That empty feeling

FOR the human body, a doctor will assess a patient’s well-being by their general appearance and by checking their blood pressure.

Similarly, the ‘health’ of a street can be equally judged by its overall appearance, and the equivalent measurement to human blood pressure, is the assessment of the level of vacant units.

Extreme vacancy levels can cause the ultimate decline of retailing on a street. Equally, vibrant occupancy, adds to the vigour of the street and to the overall health profile of retailing.

The level of occupancy within Cork city centre varies between streets. Vacant premises are a fact of life — even in good times, and hence vacancy levels of up to 10% are considered normal in the short term. Similarly, if vacancy levels exceed 20%, the street will be underperforming and exhibiting material stress characteristics — and there is a risk that further decline (if not arrested), will kill the attractiveness of the street for retail business.

A recent DTZ Sherry FitzGerald Survey of Cork city centre ground floor premises illustrates the following street vacancy rate:

* St Patrick’s Street: 12%

* Oliver Plunkett Street: 8%

* Paul Street: 3%

* Winthrop Street: 0% (100% occupied)

* Maylor Street: 11%

* North Main Street: 16%

* Cook Street: 25%

* Academy Street: 35%

(Note: Non-trading premises were classified as vacant)

Looking at St Patrick’s Street — who are the retailers? It breaks into 65% domestic and& 35% international. About 92% of shops are comparison high order retailing, of which 45% are clothing or footwear retailers.

St Patrick’s Street currently has a 12% vacancy rate, which is most prevalent at either end of the street with little vacancy on the prime pitch, which is between Brown Thomas and the Princes Street junction. If one scratches below the surface it is interesting to note that the majority of vacant premises are less than 900 sq ft. The remaining four premises comprise the former AIB at 67 Patrick street, former A Wear, Mothercare and the recently sold Moderne premises.

There is demand from national and some UK retailers looking for opportunities on St Patrick’s street for shops with a ground floor regular footprint of between 1,500 and 3,000 sq ft but the product isn’t available. This demand and investor confidence can be illustrated by the recent speculative purchase of the Moderne by a Dublin-based investment vehicle for a price reportedly in the region of €4.5m, with a view presumably to accommodate a ‘big box’ retailer and possibly food use for part of the building. Golden Discs also took a lease on the 5,000 sq ft former HMV premises.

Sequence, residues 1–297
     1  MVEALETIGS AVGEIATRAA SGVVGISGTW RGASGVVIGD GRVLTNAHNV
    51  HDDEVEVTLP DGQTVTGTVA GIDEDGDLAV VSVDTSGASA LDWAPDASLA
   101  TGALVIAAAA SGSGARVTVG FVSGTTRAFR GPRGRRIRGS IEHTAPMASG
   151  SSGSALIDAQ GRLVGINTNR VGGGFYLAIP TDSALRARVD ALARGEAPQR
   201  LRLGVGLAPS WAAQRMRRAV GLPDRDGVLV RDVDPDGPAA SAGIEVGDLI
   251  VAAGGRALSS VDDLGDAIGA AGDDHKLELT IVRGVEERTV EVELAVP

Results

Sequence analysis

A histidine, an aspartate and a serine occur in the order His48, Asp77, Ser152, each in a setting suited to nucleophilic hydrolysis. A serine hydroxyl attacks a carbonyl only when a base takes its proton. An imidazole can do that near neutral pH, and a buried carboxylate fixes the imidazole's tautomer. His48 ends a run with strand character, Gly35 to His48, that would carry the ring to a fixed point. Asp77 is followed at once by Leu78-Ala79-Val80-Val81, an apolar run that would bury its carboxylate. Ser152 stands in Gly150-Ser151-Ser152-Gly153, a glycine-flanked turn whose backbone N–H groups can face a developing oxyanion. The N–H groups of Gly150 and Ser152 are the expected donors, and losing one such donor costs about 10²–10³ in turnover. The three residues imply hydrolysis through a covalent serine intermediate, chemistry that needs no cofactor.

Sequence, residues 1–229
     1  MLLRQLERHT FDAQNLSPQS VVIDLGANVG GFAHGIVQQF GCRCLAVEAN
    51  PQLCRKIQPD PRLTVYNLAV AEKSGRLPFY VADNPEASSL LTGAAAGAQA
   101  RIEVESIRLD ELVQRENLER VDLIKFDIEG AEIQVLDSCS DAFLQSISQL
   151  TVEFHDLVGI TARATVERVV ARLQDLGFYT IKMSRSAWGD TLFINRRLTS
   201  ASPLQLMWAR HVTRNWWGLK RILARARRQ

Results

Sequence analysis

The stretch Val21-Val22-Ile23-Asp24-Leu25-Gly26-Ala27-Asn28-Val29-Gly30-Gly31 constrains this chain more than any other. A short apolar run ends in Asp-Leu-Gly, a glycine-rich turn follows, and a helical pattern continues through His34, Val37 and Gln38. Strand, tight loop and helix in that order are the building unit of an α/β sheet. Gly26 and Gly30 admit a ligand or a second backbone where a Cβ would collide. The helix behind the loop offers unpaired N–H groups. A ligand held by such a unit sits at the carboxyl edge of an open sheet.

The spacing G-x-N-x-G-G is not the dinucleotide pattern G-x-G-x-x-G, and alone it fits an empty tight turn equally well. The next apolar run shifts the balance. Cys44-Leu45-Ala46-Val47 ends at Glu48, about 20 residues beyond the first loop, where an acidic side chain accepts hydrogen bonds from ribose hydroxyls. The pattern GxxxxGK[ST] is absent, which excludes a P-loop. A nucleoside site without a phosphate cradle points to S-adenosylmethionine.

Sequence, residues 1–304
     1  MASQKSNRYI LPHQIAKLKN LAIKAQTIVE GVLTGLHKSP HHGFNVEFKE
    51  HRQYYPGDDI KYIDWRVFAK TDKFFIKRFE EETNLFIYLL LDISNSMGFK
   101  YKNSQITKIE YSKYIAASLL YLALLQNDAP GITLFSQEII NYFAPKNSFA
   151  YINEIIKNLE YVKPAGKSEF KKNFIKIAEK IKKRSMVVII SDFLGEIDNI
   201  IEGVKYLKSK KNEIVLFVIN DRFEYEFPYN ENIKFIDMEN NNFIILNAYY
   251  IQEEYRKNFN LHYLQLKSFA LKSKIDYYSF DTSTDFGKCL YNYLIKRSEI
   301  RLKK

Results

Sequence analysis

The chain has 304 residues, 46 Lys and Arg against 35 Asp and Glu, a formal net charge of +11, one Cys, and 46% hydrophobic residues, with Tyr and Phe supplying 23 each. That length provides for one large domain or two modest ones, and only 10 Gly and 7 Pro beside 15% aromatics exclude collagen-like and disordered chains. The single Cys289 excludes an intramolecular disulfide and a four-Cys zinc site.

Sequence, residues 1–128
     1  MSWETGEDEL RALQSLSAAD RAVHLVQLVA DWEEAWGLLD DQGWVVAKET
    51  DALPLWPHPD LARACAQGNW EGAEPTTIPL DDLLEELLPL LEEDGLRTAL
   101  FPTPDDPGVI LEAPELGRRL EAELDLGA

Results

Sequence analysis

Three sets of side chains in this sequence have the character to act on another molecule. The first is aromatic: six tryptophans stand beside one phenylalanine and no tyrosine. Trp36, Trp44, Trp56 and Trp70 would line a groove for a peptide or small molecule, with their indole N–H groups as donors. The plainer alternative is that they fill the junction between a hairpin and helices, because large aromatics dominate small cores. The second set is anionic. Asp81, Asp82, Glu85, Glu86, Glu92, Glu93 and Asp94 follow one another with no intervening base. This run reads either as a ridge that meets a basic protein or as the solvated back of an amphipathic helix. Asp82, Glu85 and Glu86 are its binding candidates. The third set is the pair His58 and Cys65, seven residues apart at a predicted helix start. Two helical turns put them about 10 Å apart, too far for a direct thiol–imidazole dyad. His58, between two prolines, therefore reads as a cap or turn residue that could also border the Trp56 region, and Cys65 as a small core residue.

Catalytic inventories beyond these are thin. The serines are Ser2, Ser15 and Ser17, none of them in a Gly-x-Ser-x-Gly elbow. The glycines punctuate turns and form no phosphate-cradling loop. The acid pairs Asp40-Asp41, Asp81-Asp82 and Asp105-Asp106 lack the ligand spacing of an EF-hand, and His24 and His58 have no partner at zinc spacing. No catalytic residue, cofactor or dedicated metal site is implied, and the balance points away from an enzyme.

In recent years, demand for small shops on St Patrick’s Street has deteriorated as modern retailers require larger ground floor footprints, for economies of scale and due to the high business costs including rates. Availability of appropriately-sized shops to match new retailer requirements is, therefore, an issue on the street contributing to vacancy levels.

Oliver Plunkett Street is performing well, with a vacancy rate of only 8% and is proving an attractive location for retailers with favourable lease terms coupled with a pedestrianised trading environment. Demand is strong for shops on the prime pitch between the GPO and Princes Street and there is a lack of supply of units with a footprint of 750 sq ft plus at ground floor.

Winthrop Street is at 100% occupancy and Paul Street is also nearly full except for a unit that is letting agreed, and the former Newport Bar has been sold to Wetherspoons. Princes Street has one vacant premises. Academy Street fairs worst with a 35% vacancy rate with four premises vacant. Unfortunately for Academy Street, the nearby Opera Lane scheme which is nearly 100% occupied and an important element of the city centre retail offer, has altered pedestrian flow between Patrick street and Paul Street, which now generally by-passes Academy Street.

In summary, buildings with the right configuration in prime locations will continue to perform best to the detriment of poor buildings in secondary locations which will struggle to attract occupiers.

It is in the city’s best interest that shop vacancy is kept to a minimum. Occupancy of vacant buildings could be encouraged by local authorities offering a scheme whereby a new business will be allowed 100% rebate of rates in year one and 50% rebate of rates in year two. Also, an American concept of business improvement district schemes (BIDS) encourages retailers and building owners to take a proactive approach of coming up with ideas to promote and improve the trading environment of a street and they work in collaboration with their local authority.

* Seamus Costello is a chartered surveyor with DTZ Sherry FitzGerald.


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